Contrast the journey to America described by Richard Whyte coming to America from Ireland, with Richard Duden's description of the Midwest as he travels around the countryside in the 1820s seeking to persuade German immigrants to make the trip to lands far richer than anything they can expect to possess back in the homeland. Is one more "right" than the other in his presentation?
Both Richard Whyte and Richard Duden pioneered efforts to inhabit America. Richard Whyte’s journey gave hope to many Irish people resulting in waves of immigrants from the country in the United States. The journey to America gave the individuals’ aspirations of a new life. It was also a trip filled with tragedies and struggles since most people who sailed across the Atlantic Ocean to reach the United States succumbed to starvation, poor traveling conditions, and illnesses. More than half of the population in Ireland moved to America to pursue better lives (Political Nativism, n.d.). Richard Duden’s motives for traveling were based on reclaiming the United States that was once a colony of German. Through his journeys, he prompts conservative Lutherans to move to America to regain the roots of the Reformation religion, unionism, and rationalism.
Richard Duden’s travels were more of political propaganda to instigate the Germans to repossess the capital of their world dominance. Richard Whyte, on the hand, inspired people in Ireland to leave their devastating and impoverished lives to seek new opportunities in America. His depictions were better than those of Richard Duden. Whyte’s ideas were also reaffirmed by those who had already gone to the country. They wrote to their families telling them of the numerous jobs and good wages in the United States to entice them to join them. The Irish immigrants flooded the Midwestern states that had lucrative work opportunities such as Cleveland. The towns had steel and iron industries, rolling mills, and blast furnaces. The persuasion from the two authors worked in favor of the Immigration Bureaus who had sent out agents to lure immigrants with free and inexpensive land and travels (Political Nativism, n.d.).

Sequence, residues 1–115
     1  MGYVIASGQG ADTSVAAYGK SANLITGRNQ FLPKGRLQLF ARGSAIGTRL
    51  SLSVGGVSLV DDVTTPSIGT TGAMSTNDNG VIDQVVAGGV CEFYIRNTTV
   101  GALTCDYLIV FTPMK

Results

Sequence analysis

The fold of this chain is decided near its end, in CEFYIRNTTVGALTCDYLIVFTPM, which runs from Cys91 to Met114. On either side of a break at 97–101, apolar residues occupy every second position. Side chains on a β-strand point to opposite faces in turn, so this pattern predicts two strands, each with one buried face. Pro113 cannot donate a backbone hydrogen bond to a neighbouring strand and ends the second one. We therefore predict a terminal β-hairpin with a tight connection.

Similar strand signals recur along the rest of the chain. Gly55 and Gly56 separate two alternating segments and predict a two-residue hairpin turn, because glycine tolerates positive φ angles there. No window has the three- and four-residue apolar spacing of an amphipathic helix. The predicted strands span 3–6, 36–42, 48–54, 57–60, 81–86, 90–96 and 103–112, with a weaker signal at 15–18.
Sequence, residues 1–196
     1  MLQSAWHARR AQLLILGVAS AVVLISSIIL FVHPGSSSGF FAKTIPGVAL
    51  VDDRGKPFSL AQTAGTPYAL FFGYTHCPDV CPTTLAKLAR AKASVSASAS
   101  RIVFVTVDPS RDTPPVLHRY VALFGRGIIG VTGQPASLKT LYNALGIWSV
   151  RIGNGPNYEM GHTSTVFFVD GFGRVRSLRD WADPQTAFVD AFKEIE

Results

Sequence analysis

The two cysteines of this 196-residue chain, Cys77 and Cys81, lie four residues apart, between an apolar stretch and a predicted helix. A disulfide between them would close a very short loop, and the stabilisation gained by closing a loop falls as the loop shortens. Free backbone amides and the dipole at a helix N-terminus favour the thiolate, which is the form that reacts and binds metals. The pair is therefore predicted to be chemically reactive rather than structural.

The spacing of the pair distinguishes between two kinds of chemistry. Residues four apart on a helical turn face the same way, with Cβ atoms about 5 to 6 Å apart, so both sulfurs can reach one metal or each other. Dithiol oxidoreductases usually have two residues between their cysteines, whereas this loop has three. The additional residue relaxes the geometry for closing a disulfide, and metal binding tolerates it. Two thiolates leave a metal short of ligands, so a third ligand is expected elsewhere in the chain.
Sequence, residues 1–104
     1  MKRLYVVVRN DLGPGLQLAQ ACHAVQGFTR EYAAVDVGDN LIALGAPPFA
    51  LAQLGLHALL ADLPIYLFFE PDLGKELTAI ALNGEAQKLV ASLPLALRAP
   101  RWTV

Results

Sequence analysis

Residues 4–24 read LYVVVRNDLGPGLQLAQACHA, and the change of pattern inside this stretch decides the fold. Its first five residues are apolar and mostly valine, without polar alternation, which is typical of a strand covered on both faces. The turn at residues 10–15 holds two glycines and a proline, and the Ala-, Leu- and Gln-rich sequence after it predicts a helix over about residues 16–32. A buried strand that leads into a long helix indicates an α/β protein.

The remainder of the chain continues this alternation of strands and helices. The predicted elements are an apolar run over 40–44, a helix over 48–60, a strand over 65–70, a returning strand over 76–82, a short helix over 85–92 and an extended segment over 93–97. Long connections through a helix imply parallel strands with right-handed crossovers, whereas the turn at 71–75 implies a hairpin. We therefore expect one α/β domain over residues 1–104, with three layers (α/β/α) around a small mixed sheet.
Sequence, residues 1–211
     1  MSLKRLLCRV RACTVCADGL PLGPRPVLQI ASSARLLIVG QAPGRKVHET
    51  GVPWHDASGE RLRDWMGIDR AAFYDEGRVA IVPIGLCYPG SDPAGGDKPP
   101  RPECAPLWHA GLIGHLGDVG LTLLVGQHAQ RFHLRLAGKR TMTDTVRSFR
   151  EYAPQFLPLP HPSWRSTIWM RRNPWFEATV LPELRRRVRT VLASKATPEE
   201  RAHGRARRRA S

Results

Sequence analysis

This week's reading assignments are particularly rich in diversity of testimonies from a variety of people seeking entrance into the U.S. As well, arguments from opponents to those individuals coming into the country. Your task this week is to differentiate (if you can) between the kinds of immigrants portrayed in this week's readings, versus those immigrants portrayed in previous weeks' readings, from earlier times. For example, fears of the "natives" over the arrival of Irish Catholics in the post-1850-s. What makes them so "different"? Who cares about Maria Monk anyway? What differences (if any) that you can define?
Nativism entails a political ideology of preserving the established cultures in an area from the threats of immigrants or newcomers. Before 1845, Romans Catholics comprised of a small group of individuals who were accomplished socially. With time, they increased into a well-knit unit of educated and landowning aristocrats who emphasized Catholic heritage. Between 1850 and 1920, members of other religions such as Buddhists, Muslims, Protestants, Jews, and Hindus started streaming into the United States. The Irish Catholics also entered the country in large numbers making the religion have a more significant proportion of followers (Political Nativism, n.d.). Religious animosity emerged resulting in the formation of Protective Associations and Institutions to prevent the assimilation of Irish Protestants into Catholicism. The Catholic religion attracted many individuals because of its organization, support, village lifestyle as well as the social development mention earlier.